- The text of the first speaker should never be left out. If, during fast dialogue, the first speaker says something that seems unimportant (such as only a name, or "Yeah"), it is often better to spot the in-time to the audio of the second speaker. If that does not work, do translate the first speaker’s text as leaving the text out would mean reading the second speaker’s line before it is said.
Text in each line in a dual speaker subtitle must be a contained sentence and should not carry into the preceding or subsequent subtitle. Creating shorter sentences and timing appropriately helps to accommodate this.
Wanneer kom je aan?
8. Font Information
- Font style: Arial as a generic placeholder for proportionalSansSerif
- Font size: Relative to video resolution and ability to fit 42 characters across screen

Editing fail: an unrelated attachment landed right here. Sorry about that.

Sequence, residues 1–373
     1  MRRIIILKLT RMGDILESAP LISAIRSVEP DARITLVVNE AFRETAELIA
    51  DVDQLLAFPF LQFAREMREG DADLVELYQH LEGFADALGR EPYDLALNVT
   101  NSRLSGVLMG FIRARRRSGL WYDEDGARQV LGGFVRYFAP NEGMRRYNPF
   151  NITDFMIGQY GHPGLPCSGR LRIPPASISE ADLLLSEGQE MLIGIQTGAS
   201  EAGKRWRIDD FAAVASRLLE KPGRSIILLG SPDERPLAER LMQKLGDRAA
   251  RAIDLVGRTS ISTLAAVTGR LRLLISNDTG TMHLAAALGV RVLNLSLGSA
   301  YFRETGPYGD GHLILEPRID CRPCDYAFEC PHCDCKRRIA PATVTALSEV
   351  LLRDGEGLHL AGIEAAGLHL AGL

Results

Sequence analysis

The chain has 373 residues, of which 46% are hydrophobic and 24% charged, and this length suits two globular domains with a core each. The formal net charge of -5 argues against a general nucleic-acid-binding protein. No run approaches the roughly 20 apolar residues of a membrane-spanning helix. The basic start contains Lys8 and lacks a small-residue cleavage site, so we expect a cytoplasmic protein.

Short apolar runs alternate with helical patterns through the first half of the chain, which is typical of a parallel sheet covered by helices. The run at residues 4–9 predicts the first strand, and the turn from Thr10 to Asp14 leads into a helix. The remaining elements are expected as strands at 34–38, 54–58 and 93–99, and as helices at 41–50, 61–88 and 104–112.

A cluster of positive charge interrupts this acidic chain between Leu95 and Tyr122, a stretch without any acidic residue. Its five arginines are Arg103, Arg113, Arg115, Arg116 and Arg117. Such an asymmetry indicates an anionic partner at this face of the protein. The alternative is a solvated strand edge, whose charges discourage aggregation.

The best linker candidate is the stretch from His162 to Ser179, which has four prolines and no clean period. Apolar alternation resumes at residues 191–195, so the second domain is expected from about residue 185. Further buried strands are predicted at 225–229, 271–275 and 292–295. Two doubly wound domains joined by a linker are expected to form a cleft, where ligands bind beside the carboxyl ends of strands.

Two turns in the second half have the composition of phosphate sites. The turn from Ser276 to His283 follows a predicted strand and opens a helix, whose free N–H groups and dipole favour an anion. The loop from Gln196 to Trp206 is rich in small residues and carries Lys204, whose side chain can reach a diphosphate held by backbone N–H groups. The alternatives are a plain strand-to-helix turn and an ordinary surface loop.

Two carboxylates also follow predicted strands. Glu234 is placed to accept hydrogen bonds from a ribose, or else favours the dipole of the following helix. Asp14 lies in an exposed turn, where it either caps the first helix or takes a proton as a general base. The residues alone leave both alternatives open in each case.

- Font color: White
9. On-screen Text
- Forced narrative titles for on-screen text should only be included if plot-pertinent.
- When on-screen text and dialogue overlap, precedence should be given to the most plot pertinent message. Avoid over truncating or severely reducing reading speed in order to include both dialogue and on-screen text.
- The duration of the FN subtitle should as much as possible mimic the duration of the on-screen text, except for cases where reading speed and/or surrounding dialogue takes precedence.
- Forced narratives that are redundant (e.g., identical to onscreen text or covered in the dialogue) must be deleted.